5. Stuart Hossack

    Stuart Hossack

    6
    0
    Apr 2, 2016
    Hi AK,

    Thanks for your thoughts. The regulator is indeed a LM78"", I bought the LM78""s because they seemed simpler to use and I didn't have any clue about the noise/ripple advantage of the LM317. I see your point about having switched resitors, it would have been usefull. I can still do it though and shelve the LM78"s

    I will have to get the transformer data sheets out to see if I can answer the AC secondary voltage question (RMS/peak to peak) - I'll get them out tomorrow and reply. I do think they have 18V outputs though so 18 volt supply will be a non starter - unless I double up the secondaries (they have 2 x 18 volt windings).

    Thanks again, Stuart.
     
  6. AnalogKid

    AnalogKid

    2,327
    653
    Jun 10, 2015
    A transformer with a secondary rating of 18 Vrms can drive a regulator with an 18 Vdc output. Depending on the output current, the bulk filter capacitor might be a bit large, but nothing extreme or expensive.
     
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  7. Stuart Hossack

    Stuart Hossack

    6
    0
    Apr 2, 2016
    Thanks again AK,

    I will get the transformer data sheet out later - I'm out all day and won't be back 'til late.

    When I bootstrapped the circuit together, I did measure (from memory, I didn't really register consciously) 32???? volts after the rectifier (may even be after the first cap, not sure). I will check the data-sheet.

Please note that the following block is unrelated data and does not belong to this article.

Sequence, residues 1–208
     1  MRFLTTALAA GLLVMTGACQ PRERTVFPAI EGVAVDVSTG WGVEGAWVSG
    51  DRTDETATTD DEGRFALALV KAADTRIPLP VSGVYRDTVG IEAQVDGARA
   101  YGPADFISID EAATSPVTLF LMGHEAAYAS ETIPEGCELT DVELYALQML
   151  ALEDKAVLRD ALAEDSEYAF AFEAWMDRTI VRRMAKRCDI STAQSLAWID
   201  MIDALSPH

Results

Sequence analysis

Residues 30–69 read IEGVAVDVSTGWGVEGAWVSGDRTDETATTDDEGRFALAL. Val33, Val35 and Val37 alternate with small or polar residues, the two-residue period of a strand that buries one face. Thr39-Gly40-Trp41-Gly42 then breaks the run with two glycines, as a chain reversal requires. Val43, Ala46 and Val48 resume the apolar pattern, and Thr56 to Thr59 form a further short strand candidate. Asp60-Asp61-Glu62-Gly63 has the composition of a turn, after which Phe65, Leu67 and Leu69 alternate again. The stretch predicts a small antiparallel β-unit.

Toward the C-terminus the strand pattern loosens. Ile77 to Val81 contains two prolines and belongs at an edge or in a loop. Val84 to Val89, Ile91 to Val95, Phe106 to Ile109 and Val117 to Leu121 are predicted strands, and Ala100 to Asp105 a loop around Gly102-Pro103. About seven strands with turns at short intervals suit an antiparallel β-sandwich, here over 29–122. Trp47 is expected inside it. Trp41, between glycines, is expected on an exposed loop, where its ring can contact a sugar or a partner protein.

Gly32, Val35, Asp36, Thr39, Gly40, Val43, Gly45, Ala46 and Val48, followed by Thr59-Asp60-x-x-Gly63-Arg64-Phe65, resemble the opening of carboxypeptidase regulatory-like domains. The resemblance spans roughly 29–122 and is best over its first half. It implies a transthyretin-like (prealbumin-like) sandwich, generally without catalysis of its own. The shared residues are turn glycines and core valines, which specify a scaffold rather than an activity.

Searched for LM317 on eBay and found (albeit from China) fully constructed variable voltage boards for 99p (1.4 dollars??) each, shipped but where's the fun in that :eek:) - downloaded the data sheet and it looks a nice regulator.

    On a tangent, what's with the Maslow reference? This is hierarchy of needs fella' isn't it? - I remember studying him for Banking exams of all things :eek:(

    Thanks again for your time, patience and help.

    Stuart.
     
  8. Stuart Hossack

    Stuart Hossack

    6
    0
    Apr 2, 2016

    Hi again AK,

    The data sheet didn't show peak to peak just 18 volts per secondary so this (measured with a meter) is 18Vrms so peak to peak is just over 50 volts, load currents vary but typically under 150ms but some pedals draw nearer 200ma

    Stuart.
     
  9. AnalogKid

    AnalogKid

    2,327
    653
    Jun 10, 2015
    18 Vrms, after a full wave bridge and at only 200 mA, will be close to 24 Vdc. A 1000 uF filter capacitor will be more than enough to keep the negative peaks of the ripple voltage above the required minimum input voltage for an 18 V regulator.

    ak
     
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  10. Stuart Hossack

    Stuart Hossack

    6
    0
    Apr 2, 2016
    Thank you AK,

    I'll test-bed the 1000uF cap(s) "point to point" on a single circuit and then compare the LM317 with the LM78**s - the advantage of easily switching at least some of the voltages for convenience is a convenience I can't ignore. Many thanks for your help.
    I'll report back in a couple of weeks when I've got it all together.

    Thanks again.